Dynamics:

The dynamic equation of an n-DOF in the manipulator can

be defined as:

H(q)q + C(q, q )q + g(q) = (3)

To carry out the manipulator analysis in this research,

we consider the Lagrangian analysis [9], this method consist

in the generalized coordinate analysis and it is based on the

Lagrangian function, which is defined by the difference

between the kinetic and the potential energies on a

mechatronic system and is defined as:

I = K - u (4)

In the case of the serial manipulators, the Lagrangian

is used in a matrix form and is represented by the next

equation:

Hq + I + C = (5)

where F = |I

1

, , I

n

]

1

, 6 = |0

1

, , 0

n

]

1

, Q = |

1

, ,

n

]

1

.

V is known as the Coriolis vector, G is the gravitational force

vector, and M is the inertia matrix where the analysis of the

manipulator is mostly performed.

3. PROPOSED METHODOLOGY

The development of the mathematical algorithms is

carried out in Matlab and the implementation of the virtual

simulation was made in Simulink as shown on figures 2 (a),

(b), (c) and (d):

(a)

Joint i

1

0

+

2 0 0

3 0 0

4 0 0

+

5

0 0

978-1-4244-5353-5/10/$26.00 2010 IEEE 296

(b)

(c)

(d)

Figure 2. Robot Simulation project in

The block diagram that expresses the wh

necessary to carry out a simulation of a r

presented as a block diagram presented on t

process starts from the mechanical analysis, c

dynamics until the virtual representation of

plots.

Figure 3. Proposed Methodolog

Simulink

hole methodology

robotic system is

the figure 3. The

continues with the

the robot and its

gy.

Mathematical modeling:

This step depends on the

analyzed. For demonstration p

calculations can be taken as a refe

physical and mechanical properties

centers, therefore, we can use a

equation (3).

Control Design:

The position control proble

manipulator can be solved according

Considering the dynamics

equation (5).

Having a constant path desi

Find a function in which t

qd (desired link direction)

Adaptable Control.

To solve this particular

(Proportional Derivative with

control is used as shown on figu

Figure 4. PD + G Con

Path programming:

The manipulator work space a

known. Then, the path should be pr

in the control system.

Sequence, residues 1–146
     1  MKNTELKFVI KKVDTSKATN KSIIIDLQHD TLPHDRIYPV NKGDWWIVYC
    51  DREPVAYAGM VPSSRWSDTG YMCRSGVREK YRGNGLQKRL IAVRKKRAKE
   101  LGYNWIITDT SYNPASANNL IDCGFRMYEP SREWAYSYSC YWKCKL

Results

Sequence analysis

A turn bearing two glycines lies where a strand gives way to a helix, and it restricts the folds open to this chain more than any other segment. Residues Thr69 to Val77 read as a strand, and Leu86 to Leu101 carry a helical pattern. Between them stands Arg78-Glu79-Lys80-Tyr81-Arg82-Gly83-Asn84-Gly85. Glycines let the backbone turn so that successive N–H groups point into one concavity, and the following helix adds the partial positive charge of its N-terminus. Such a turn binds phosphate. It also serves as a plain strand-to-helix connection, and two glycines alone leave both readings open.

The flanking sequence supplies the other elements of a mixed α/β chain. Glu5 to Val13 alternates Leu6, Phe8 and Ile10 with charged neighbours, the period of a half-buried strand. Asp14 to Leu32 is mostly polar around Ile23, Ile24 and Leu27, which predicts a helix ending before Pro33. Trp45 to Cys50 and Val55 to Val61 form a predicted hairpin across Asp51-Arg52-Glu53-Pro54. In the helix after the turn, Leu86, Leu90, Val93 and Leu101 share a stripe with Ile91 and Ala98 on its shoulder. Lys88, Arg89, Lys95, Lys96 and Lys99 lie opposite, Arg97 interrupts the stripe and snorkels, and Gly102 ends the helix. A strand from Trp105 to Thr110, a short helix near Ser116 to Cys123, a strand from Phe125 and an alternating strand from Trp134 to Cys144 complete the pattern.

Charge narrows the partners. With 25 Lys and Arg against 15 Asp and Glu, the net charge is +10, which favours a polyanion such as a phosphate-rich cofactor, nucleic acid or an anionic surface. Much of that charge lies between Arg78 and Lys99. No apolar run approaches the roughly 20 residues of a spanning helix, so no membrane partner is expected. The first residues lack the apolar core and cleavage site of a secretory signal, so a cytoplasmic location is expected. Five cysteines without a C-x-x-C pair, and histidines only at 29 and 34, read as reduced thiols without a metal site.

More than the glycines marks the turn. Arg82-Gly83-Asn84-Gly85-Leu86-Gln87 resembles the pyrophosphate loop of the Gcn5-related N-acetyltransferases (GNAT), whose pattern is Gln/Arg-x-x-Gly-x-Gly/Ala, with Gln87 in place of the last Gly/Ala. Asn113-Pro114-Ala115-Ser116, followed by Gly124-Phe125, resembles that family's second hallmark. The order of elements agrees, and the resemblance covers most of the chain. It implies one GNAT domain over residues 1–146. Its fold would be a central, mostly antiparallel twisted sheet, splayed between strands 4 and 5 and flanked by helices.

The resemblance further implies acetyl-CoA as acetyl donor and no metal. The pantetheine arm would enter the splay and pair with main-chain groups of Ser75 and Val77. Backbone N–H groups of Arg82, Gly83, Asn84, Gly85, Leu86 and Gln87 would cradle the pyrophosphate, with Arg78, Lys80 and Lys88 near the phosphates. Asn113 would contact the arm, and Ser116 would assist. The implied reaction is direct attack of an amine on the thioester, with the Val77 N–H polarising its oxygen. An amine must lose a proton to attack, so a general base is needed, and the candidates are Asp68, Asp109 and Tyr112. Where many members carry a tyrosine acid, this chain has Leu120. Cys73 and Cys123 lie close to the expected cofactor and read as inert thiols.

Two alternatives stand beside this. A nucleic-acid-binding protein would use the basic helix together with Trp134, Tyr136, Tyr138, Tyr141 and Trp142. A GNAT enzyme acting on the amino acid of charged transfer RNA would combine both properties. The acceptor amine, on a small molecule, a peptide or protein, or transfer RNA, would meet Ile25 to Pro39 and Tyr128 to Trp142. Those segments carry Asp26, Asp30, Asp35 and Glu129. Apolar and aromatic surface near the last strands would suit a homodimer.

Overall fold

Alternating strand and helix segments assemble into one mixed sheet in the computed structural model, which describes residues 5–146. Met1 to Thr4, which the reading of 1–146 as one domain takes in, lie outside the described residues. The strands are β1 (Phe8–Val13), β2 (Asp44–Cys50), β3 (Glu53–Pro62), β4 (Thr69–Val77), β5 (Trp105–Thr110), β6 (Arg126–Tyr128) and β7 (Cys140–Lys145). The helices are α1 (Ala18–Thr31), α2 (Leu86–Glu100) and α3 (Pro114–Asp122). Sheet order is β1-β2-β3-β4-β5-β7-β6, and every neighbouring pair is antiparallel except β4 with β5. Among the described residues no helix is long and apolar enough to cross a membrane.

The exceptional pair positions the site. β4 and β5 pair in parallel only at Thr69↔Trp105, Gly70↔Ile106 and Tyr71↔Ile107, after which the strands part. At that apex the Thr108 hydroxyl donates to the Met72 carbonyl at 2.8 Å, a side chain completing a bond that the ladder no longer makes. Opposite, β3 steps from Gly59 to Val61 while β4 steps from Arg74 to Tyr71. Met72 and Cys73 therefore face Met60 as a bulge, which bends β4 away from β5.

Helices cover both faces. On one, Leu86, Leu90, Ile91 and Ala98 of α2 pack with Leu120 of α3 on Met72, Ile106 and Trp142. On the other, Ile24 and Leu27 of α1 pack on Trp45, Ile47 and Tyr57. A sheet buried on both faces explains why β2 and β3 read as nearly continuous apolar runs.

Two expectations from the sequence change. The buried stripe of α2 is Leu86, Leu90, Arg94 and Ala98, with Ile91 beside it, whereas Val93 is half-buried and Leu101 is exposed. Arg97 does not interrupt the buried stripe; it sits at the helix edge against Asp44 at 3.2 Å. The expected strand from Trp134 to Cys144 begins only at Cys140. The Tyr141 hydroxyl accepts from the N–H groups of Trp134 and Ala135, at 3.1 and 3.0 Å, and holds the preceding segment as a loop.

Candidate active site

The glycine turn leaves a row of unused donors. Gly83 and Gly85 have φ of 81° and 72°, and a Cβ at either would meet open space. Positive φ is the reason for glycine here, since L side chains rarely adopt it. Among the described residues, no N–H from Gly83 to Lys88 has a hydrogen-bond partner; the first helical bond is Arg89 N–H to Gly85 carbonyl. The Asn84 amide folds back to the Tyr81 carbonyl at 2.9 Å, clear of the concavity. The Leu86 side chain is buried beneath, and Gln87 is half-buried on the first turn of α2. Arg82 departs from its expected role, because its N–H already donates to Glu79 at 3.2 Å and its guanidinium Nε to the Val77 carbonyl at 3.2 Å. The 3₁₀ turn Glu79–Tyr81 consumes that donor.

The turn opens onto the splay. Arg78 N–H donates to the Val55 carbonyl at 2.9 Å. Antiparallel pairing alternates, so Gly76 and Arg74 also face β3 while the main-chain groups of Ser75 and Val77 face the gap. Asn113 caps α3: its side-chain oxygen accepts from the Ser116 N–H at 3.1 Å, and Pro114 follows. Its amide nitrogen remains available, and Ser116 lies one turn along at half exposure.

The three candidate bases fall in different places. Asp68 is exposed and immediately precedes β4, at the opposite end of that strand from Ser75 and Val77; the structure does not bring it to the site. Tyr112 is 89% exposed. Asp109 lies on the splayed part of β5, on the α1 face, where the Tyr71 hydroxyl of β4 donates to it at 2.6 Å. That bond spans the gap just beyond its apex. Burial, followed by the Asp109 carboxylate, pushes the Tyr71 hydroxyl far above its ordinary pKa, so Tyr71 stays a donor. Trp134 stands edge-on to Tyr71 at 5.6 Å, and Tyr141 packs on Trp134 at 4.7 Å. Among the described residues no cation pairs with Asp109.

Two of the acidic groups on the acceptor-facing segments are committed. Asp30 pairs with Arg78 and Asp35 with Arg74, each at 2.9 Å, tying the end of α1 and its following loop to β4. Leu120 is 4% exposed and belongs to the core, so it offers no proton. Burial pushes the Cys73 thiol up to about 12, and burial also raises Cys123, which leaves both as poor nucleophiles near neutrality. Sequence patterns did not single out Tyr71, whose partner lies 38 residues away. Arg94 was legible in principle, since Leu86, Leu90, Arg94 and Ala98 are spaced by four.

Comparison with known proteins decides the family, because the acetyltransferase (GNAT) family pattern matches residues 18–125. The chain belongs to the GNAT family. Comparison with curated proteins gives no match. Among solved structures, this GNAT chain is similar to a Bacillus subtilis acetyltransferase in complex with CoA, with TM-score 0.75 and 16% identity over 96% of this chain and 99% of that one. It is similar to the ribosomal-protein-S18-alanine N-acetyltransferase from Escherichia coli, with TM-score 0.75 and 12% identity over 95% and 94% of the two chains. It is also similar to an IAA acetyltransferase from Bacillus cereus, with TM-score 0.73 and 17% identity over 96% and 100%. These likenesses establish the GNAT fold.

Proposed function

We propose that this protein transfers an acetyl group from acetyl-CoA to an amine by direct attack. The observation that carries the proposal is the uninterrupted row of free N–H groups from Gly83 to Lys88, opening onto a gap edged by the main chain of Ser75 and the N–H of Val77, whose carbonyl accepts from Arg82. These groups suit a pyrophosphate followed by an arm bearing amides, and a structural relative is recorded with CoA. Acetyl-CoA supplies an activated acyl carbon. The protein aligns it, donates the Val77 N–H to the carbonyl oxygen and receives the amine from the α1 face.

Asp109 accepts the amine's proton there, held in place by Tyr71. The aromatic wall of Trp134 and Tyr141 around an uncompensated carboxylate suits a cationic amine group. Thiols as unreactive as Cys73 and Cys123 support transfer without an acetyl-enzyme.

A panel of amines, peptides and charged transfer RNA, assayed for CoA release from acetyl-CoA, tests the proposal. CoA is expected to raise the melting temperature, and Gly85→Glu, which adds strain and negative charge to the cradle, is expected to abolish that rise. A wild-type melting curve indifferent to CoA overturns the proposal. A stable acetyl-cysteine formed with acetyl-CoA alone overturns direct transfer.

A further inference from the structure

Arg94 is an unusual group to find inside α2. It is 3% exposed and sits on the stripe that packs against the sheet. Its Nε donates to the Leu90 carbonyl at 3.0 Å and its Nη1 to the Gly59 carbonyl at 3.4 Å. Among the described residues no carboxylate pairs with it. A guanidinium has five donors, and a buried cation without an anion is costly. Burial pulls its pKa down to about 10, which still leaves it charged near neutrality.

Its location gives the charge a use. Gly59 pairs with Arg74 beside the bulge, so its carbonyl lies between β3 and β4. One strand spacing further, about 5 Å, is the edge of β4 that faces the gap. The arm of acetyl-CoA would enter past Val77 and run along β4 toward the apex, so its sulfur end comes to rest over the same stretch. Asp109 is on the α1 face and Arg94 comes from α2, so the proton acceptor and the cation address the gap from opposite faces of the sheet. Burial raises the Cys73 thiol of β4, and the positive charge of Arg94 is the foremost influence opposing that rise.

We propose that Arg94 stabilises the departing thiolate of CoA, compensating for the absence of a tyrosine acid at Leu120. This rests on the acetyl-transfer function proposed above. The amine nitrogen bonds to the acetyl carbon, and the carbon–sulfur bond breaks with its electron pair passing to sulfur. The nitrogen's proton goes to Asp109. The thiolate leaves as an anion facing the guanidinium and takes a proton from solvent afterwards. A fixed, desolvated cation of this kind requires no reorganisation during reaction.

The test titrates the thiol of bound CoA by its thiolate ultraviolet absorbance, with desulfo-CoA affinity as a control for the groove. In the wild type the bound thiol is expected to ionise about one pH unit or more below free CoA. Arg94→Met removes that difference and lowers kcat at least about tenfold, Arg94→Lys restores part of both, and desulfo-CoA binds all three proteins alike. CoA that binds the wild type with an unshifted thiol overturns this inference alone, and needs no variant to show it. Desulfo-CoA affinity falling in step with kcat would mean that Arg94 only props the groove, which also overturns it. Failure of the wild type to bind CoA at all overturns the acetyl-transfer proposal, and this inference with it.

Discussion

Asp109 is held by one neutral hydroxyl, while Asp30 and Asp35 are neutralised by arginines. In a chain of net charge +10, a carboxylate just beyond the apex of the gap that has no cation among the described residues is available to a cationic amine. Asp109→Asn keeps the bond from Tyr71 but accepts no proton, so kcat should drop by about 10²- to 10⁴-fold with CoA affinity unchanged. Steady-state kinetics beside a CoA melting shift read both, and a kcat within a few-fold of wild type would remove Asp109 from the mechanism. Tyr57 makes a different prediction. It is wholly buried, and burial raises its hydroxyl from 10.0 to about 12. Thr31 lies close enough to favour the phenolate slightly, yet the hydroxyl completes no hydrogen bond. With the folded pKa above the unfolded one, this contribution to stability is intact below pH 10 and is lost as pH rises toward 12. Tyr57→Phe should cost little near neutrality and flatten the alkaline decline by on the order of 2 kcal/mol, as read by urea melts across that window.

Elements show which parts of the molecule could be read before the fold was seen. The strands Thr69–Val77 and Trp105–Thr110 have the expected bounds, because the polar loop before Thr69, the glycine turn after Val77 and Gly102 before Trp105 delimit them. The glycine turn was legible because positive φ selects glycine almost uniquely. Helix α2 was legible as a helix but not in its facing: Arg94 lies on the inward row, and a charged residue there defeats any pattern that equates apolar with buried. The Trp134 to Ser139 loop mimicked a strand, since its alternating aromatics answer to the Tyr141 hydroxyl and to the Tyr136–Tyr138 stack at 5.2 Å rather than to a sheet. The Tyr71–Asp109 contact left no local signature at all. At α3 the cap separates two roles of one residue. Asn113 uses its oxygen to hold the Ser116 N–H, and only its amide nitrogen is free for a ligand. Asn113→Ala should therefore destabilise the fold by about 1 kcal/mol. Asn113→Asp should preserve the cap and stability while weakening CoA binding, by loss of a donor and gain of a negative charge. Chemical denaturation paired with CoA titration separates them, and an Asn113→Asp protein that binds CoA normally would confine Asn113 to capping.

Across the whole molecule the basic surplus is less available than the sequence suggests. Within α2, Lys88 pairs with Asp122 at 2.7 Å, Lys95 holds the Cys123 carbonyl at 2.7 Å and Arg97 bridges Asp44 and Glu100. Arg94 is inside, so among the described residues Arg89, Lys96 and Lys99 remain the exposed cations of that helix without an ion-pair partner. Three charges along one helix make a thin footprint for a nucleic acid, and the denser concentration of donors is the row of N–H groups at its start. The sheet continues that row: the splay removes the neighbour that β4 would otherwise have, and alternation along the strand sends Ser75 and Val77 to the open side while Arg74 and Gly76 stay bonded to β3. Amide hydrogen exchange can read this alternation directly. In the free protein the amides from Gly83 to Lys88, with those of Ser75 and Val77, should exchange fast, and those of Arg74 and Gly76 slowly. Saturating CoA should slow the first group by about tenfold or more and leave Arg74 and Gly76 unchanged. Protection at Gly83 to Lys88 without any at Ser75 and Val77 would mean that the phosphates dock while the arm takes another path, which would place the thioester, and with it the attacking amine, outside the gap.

CAD Manipulator:

The virtual representation

mechanical visual representation,

SolidWorks program is used as

necessary to use geometric obj

approximation to each one of the

figure 5. If the complete assembly

simulation process will be more di

the fact that the model will be m

Simulink and also because the mass

harder to get.

Figure 5. SolidWork

e type of the robot to be

purposes, the dynamical

ference by considering the

of the links and the mass

model based control as

em of a manipulator robot

g to the following terms:

s of an n-DOF robot as

ired (Reference Point).

the q (robot links) tends to

) by using a PD, PID and

r problem, a PD + G

h Gravity Compensation)

ure 4.

ntrol System

and the path to follow are

rogrammed to be included

is close related with the

and due to this fact, the

a design tool, but it is

jects that are a closer

robot links as shown on

y of the robot is used, the

ifficult to carry out due to

more difficult to load in

center of each link will be

ks assembly.

978-1-4244-5353-5/10/$26.00 2010 IEEE 297

VRML2:

To visualize the prototype in 3D using Simulink, it is

necessary to convert the file into VRML 2.0. To solve this

matter, the 2009 SolidWorks version can be used and it is

necessary to export the design into VRML 2.0. If the file is

saved in VRML 1.0, by using the CrossRoads program the

version can be changed to the proper one.

Virtual Environment:

Once the previous steps have been completed and the

kinematics is programmed, the next step is to implement it in

the virtual environment that includes; manipulator design, data

showing and path following visualization.

In order to successfully carry out the simulation, it is

necessary to have a Matlab 2009 version that includes the full

3D animation library.

Manipulator design:

Here, the prototype is loaded by using the VR Sink

block, where the model can be edited using the VRML editor.

Due to the fact that the robot coming from the

mechanical system is different to the assembly, the operations

on the transformation from one link to other is different in this

editor, therefore it is necessary to perform the next tasks:

Identify each links of the manipulator.

Leave only 2 main transformations:

o The transformation on the base which wont be

moved;

o The link transformation where the movement chain is

performed to get the mathematical parameters (this is

variable depending on the robot to be used).

Text Visualization:

To obtain the real-time data from the manipulator, we can

use the VR Text Output.

It is necessary to reference the virtual environment, also to

introduce the variable names to be shown together with the

variable format.

Path Following Visualization:

To show the path that the robot follows in the simulation